Magazine article The Saturday Evening Post

The Pursuit of Happiness: New Studies Reveal That Satisfaction Surges after the Age of 50

Magazine article The Saturday Evening Post

The Pursuit of Happiness: New Studies Reveal That Satisfaction Surges after the Age of 50

Article excerpt

For Hope Ferguson, life keeps getting better. When the 53-year-old communications specialist looks back on her younger self, she sees that she used to approach life as a series of tasks and items to be checked off on a running and rather pedestrian to-do list. Her ambitions were conventional, led by a desire to marry and have children. That didn't happen the way she hoped. She married at 43, but the relationship lasted just five months. It was a low point of a life that for a long time had, as she puts it, kind of moseyed along.

As Hope entered her 50s, though, something clicked in her, and she felt somehow replenished.

"When I was young," she says, speaking by phone from her office at a small college in upstate New York, "I used to drive like an old lady. I drive faster now. I don't worry so much about what other people think. I speak my mind. I don't know if it was anything in particular. It was just a gradual awakening after I turned 50."

She compares her age to her favorite season, autumn. "It's when the trees are full of color and have their most extreme beauty, just before winter," she says. "That's the same season for being in your 50s."

Two years ago, Hope got engaged. But she doesn't attribute happiness to late love. Rather, she attributes late love to happiness. In a sense, time wedged an opening--like a stream of water cracking open a big boulder--that made it possible for someone to come into her life.

Hope's growing happiness may be more the rule than an exception, with a number of recent reports suggesting that just when people start needing glasses to read a restaurant menu, life begins to come into clearer focus.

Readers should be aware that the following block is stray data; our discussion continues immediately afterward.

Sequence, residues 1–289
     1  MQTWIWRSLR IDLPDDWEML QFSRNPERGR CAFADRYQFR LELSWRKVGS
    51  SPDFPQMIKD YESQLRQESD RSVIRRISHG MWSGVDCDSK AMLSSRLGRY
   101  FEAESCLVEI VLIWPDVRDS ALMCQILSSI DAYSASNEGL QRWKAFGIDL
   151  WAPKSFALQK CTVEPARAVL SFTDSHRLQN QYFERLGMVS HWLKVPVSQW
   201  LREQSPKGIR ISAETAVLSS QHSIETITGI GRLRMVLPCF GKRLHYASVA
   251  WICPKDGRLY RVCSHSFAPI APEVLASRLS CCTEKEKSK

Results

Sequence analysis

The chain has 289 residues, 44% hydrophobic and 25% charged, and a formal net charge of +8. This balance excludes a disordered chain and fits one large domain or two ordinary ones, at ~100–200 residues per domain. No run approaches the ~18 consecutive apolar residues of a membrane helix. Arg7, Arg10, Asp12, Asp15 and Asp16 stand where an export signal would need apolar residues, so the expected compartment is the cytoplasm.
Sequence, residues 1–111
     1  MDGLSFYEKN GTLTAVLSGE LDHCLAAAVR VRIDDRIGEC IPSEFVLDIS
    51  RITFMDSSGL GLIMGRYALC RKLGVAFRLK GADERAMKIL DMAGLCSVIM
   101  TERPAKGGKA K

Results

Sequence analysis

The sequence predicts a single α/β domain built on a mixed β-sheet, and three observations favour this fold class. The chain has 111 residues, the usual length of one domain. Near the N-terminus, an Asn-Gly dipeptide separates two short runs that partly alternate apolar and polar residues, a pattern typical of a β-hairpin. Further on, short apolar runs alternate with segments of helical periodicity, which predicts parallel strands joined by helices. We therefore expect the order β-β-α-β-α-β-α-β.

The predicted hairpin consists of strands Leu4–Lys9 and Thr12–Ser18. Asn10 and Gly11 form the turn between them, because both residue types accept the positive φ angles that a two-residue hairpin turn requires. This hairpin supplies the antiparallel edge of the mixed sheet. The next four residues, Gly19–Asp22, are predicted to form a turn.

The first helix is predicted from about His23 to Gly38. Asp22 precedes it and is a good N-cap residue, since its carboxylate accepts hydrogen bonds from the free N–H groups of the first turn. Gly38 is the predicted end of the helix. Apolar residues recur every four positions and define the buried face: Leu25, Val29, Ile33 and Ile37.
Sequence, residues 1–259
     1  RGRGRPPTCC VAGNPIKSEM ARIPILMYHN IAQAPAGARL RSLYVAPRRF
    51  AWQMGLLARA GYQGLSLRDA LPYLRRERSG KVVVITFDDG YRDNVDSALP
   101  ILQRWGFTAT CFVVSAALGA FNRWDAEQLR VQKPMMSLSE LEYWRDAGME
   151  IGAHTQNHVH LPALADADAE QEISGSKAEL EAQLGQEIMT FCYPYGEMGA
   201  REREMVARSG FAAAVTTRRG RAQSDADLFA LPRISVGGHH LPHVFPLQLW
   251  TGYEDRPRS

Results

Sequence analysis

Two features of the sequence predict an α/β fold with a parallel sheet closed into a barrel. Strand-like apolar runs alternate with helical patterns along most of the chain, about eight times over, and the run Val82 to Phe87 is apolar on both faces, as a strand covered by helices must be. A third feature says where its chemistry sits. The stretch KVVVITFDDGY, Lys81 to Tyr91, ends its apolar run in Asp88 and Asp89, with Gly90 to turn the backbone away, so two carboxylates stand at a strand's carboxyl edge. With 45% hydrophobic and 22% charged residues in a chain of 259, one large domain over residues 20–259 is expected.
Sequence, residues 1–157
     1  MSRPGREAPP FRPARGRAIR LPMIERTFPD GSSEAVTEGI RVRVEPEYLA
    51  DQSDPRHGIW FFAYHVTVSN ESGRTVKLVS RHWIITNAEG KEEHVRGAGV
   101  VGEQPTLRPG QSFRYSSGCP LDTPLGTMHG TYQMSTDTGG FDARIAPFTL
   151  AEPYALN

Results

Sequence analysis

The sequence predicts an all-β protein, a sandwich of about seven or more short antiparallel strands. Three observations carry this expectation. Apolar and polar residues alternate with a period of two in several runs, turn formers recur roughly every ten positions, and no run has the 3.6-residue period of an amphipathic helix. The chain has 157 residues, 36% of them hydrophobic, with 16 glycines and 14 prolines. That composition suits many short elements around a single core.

Most recently there was the Gallup-Healthways Well-Being Index, a survey of 1.2 million Americans between 18 and 85, as well as a separate Gallup poll of 340,000. Both surveys produced similar findings--that people's sense of well-being follows a U-shaped trend, starting high in youth, dipping in one's 30s and 40s, hitting a low point at 50, then beginning to gather momentum.

"We don't know why well-being seems to rise with age," says Nikki Duggan, Healthways' director of operations and analytics. "Though one trend we see is that over time people feel more respected."

Other factors, say experts, may be that over time people become more realistic about their expectations, more accepting about what they have or haven't achieved, and more resilient when things don't pan out. For many, there's a growing appreciation of life that may be missing in the years of striving and stress typical of one's 30s and 40s.

The topic of happiness has blossomed into an industry--from the positive psychology movement to new ways of approaching mental health treatment to happiness skill-building to a book-publishing niche that has almost become its own genre. There are international conferences that look at what happiness means to business and to national and global economics; the south Asian kingdom of Bhutan has a Gross National Happiness Index; Britain recently started a project to measure the national GWB, or general well-being, and this year, Australia hosted the 5th annual World Happiness Forum.

Happiness is particularly relevant in the U.S., which was, after all, the first country to make the happiness of its citizens part of its core mission, starting with the Declaration of Independence. Thomas Jefferson substituted what must have seemed an ethereal notion, "life, liberty and the pursuit of happiness," for a more common phrase of the time, "life, liberty and property." The ideal of happiness was truly radical at a time when humans were generally presumed to be subjects whose sole purpose was to serve the state and its rulers.

The topic is no less important now than it was then, but the recent efforts to compare the relative happiness of the different ages is more relevant than ever: It is projected that life expectancy in the U. …

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